Read full letter here  

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Cohen Foundation Funds Establishment of the Bartonella Research Consortium

BartonellahenselaeEM

According to the Tulane news, a three-year, $4.8 million initiative funded by The Steven and Alexandra Cohen Foundation, will establish the Bartonella Research Consortium with the goal of developing a novel treatment for bartonellosis. There are over 40 known Bartonella species/subspecies and at least 17 of these species/subspecies have been associated with a spectrum of debilitating disease symptoms in humans. 

The Consortium is composed of key infectious disease researchers including Drs. Edward B. Breitschwerdt, Monica E. Embers, Timothy A. Haystead and Ricardo G. Maggi that will work collaboratively to study the complex and poorly understood Bartonella pathogens to provide patient relevant solutions to benefit both animal and human health. Funding for this research initiative draws on the combined strengths of research laboratories located at Duke University, North Carolina State University and Tulane University.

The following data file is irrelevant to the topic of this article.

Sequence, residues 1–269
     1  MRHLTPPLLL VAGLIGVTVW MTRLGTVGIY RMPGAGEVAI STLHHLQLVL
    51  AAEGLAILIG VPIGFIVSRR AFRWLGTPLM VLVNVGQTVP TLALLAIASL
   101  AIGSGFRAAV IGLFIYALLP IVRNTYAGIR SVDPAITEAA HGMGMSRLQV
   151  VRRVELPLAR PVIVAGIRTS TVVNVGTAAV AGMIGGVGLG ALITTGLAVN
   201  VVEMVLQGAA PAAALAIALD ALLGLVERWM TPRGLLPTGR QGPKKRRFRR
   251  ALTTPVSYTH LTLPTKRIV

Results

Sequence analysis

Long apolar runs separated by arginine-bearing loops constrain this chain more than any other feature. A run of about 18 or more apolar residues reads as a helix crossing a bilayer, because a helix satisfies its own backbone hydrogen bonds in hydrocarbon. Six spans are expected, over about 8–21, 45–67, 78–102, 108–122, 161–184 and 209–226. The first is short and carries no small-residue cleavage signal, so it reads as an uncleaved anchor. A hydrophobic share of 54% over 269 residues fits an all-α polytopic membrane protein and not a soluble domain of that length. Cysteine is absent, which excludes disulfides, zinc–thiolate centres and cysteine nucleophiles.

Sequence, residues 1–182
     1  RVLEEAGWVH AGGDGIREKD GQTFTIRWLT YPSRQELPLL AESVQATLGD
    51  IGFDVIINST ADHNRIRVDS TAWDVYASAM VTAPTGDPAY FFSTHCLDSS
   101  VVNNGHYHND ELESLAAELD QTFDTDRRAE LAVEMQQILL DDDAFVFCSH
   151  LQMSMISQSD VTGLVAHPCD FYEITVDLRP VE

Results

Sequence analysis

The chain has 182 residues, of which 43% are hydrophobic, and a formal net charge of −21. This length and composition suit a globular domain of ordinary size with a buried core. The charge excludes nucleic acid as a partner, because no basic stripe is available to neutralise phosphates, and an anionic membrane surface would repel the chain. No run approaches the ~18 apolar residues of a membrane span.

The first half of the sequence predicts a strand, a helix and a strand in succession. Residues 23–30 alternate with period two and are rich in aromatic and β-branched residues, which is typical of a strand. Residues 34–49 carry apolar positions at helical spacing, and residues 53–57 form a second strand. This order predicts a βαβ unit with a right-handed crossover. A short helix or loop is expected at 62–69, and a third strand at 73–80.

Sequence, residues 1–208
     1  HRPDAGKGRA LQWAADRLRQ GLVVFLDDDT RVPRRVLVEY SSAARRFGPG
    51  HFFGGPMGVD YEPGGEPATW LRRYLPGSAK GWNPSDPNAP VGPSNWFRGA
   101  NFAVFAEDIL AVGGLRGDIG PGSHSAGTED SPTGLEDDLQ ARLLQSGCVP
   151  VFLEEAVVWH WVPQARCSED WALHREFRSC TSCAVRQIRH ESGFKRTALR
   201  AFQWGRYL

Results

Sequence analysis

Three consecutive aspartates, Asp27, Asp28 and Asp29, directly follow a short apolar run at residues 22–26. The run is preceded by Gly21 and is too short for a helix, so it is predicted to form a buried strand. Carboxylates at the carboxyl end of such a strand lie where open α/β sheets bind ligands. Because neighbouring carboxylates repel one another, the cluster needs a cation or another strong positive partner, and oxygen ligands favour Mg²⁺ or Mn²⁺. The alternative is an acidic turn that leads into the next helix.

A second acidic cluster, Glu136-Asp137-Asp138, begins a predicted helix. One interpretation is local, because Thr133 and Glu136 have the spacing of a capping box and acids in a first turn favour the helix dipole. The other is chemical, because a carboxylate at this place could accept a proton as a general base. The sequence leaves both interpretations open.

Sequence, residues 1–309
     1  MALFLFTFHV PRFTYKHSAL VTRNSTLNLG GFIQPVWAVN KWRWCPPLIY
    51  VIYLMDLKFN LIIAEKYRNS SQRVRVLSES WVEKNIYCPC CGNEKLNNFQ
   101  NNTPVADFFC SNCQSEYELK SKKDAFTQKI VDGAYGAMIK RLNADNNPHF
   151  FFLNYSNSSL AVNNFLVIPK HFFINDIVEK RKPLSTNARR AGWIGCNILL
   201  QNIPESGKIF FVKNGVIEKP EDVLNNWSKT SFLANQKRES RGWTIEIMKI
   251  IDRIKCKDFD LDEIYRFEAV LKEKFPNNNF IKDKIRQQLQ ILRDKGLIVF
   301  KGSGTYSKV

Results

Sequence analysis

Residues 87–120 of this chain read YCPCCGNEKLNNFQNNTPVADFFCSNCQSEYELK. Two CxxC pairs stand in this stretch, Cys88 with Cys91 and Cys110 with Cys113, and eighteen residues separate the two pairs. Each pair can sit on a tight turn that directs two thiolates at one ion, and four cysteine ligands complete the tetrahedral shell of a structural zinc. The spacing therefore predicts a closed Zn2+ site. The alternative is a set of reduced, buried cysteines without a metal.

Read the full Tulane News article here

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Chronic Lyme Associated With Loss of Contrast Sensitivity

In a recent article published in Translational Vision Science and Technology, researchers found that contrast sensitivity impairment was associated with patients suffering from chronic lyme. 

According to the Online Medical Dictionary, contrast sensitivity is defined as “The ability to detect sharp boundaries (stimuli) and to detect slight changes in luminance at regions without distinct contours.”

Investigators describe that contrast sensitivity has been found to be impaired in a variety of ocular conditions including cataract and retinal degeneration, as well as in neurologic diseases, such as multiple sclerosis;  and loss of contrast sensitivity may also indicate specific or nonspecific deficits in neurologic and/or cognitive function. In this article, it was also found that contrast sensitivity impairment was marginally associated with patients exhibiting neurologic abnormalities and cognitive impairment, but with no other ocular complaints. Investigators further state that these links may be a marker of illness severity, but that it is unclear if CS testing would be a useful gauge of improvement over time, suggesting a need for further studies. 

Read full article here